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Kazakhstan: Oil workers jailed by rotten regime
Last December armed police fired on and killed up to 70 striking oil workers who were peacefully protesting in the Kazakhstan city of Zhanaozen.
Yet instead of charging the interior minister, who gave the order to open fire, 37 oil workers and supporters were put on trial for "organising and participating in mass unrest".
Only three of the 37 have been cleared of all charges. 21 of those on trial were sentenced to either two or three years in prison, with the sentence suspended or, in a couple of cases, subject to amnesty. 13 activists, however, received actual prison sentences ranging from three years to, in the case of Roza Tuletaeva, seven years.
Roza, a mother of three children, was one of the leading activists in the oil strike. During the trial she related how she nearly suffocated when bags were put over her head during interrogation and she was beaten with iron rods.
To avoid blame being directed at the regime itself, the general prosecutor picked out a number of scapegoats from the local authorities and police to put on trial. Undoubtedly guilty of the crimes for which they were charged, they nevertheless have served the role of letting higher up figures off the hook.
Kazakhstan is a police state ruled by president Nursultan Nazarbayev and his cronies, who have looted the country to grow rich and buy international allies such as 'consultant' Tony Blair, while the majority live in poverty.
It is now reported that another wave of arrests and torture is taking place. Up to 15 more activists from the oil strike, along with leaders of the opposition political party Alga, are expected to be put on trial for "inciting social discontent" with a possible sentence of up to 12 years imprisonment.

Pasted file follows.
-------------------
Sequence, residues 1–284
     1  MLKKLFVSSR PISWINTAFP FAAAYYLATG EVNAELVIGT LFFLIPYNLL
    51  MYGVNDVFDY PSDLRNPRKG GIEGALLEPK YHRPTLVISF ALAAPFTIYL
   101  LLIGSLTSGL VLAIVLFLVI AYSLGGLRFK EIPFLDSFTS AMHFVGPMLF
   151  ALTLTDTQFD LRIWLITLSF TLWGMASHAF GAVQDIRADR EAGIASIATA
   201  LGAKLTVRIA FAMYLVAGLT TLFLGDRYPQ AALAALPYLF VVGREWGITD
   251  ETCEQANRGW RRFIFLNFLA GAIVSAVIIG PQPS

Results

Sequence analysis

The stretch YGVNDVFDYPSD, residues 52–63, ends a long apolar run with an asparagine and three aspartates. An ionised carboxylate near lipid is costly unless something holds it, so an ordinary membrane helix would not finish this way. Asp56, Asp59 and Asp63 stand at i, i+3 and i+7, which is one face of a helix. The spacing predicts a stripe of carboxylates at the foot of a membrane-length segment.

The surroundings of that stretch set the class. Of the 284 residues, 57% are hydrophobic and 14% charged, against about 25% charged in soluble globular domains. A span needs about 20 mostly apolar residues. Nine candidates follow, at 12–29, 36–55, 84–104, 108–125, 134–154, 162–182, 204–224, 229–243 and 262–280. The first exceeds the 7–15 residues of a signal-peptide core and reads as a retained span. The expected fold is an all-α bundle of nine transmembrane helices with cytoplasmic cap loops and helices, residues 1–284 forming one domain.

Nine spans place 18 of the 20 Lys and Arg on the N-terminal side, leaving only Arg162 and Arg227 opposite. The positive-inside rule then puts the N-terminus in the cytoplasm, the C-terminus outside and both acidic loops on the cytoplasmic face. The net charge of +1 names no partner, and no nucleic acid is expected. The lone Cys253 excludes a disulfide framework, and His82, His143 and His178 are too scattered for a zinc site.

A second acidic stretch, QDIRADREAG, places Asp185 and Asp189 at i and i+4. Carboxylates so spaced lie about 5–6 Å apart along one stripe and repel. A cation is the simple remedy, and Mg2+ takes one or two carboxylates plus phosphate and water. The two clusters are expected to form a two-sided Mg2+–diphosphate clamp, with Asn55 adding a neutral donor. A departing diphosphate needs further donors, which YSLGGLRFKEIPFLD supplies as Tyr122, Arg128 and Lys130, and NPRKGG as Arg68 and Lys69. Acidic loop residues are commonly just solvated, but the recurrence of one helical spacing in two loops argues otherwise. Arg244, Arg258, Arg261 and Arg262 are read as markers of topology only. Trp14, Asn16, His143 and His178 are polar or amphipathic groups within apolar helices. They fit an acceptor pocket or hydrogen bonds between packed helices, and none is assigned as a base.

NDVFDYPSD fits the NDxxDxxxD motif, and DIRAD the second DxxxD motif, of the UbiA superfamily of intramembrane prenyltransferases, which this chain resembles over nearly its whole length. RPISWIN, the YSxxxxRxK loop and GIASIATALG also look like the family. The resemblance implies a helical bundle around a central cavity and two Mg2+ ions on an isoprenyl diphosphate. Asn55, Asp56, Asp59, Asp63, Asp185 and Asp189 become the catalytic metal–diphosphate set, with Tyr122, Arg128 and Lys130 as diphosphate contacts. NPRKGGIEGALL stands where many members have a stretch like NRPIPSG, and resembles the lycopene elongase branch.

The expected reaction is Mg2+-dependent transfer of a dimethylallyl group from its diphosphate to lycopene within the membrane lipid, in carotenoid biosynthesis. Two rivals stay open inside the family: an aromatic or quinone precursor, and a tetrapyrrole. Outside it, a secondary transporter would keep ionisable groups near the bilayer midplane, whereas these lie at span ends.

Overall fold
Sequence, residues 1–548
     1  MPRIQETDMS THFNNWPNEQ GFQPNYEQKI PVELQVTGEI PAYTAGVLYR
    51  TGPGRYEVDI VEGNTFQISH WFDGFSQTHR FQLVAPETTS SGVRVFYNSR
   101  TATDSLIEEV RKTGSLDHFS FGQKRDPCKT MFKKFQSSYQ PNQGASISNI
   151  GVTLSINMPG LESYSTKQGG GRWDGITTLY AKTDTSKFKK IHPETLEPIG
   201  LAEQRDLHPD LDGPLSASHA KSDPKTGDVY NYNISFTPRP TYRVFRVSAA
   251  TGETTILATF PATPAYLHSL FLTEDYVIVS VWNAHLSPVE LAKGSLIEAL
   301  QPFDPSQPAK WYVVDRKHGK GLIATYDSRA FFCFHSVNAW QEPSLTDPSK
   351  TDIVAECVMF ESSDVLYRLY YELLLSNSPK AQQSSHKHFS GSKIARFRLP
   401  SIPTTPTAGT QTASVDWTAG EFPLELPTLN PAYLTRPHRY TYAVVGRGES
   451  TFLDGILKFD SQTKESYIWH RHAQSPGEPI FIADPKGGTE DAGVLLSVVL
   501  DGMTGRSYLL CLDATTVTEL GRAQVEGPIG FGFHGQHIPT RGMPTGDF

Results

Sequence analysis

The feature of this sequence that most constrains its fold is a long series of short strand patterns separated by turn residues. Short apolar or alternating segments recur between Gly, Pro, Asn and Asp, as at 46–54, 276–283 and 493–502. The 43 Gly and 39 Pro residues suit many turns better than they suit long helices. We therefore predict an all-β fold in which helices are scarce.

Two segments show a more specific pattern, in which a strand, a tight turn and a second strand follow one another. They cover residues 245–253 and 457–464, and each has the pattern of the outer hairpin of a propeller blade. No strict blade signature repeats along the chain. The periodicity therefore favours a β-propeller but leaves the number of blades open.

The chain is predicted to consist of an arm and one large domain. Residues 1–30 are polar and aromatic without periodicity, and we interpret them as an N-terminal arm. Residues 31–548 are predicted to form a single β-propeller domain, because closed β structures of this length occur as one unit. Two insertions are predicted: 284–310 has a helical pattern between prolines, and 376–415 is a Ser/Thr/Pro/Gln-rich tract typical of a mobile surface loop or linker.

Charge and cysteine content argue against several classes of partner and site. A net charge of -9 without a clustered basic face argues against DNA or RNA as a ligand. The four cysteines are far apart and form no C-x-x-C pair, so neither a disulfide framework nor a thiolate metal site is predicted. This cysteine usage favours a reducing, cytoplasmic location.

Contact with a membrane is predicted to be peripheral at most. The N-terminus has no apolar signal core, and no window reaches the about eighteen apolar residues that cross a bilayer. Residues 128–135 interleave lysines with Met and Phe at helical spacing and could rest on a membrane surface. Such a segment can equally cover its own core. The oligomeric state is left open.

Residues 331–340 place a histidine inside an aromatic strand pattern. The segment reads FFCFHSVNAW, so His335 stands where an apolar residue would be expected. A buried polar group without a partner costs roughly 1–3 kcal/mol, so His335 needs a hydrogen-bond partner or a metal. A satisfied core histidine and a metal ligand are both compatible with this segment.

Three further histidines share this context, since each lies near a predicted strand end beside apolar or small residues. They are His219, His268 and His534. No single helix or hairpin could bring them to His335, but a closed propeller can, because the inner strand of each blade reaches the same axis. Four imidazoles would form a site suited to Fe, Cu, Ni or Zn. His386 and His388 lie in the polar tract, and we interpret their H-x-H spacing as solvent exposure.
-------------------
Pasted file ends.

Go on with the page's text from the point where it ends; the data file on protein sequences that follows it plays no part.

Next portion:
Trade union activists from the OzenMunaiGaz company are being called in for questioning, in an attempt to intimidate them from organising a new strike. Following questioning, one 51 year old activist committed suicide.
However, local trade union activists report that the workers are still determined to protest, whether outside the city mayor's office or by preparing new strikes in the region. According to one of the local leaders, the next trial is being prepared, not to take revenge for the last strike, but to try and prevent the next one.
See www.campaignkazakhstan.org for more reports
Workers leader found dead
On 5 June Takhir Mukhamedzyanov, leader of the opposition Socialist Movement Kazakhstan, was found dead in his flat. His death is surrounded by suspicion. Not least because Takhir recently received threats from "persons unknown" that they would 'get rid of him'.
Read obituary on www.socialistworld.net
In The Socialist 13 June 2012:
Socialist Party news and analysis
Socialist Party youth and students
International socialist news and analysis
Socialist Party reports and campaigns
Socialist Party workplace news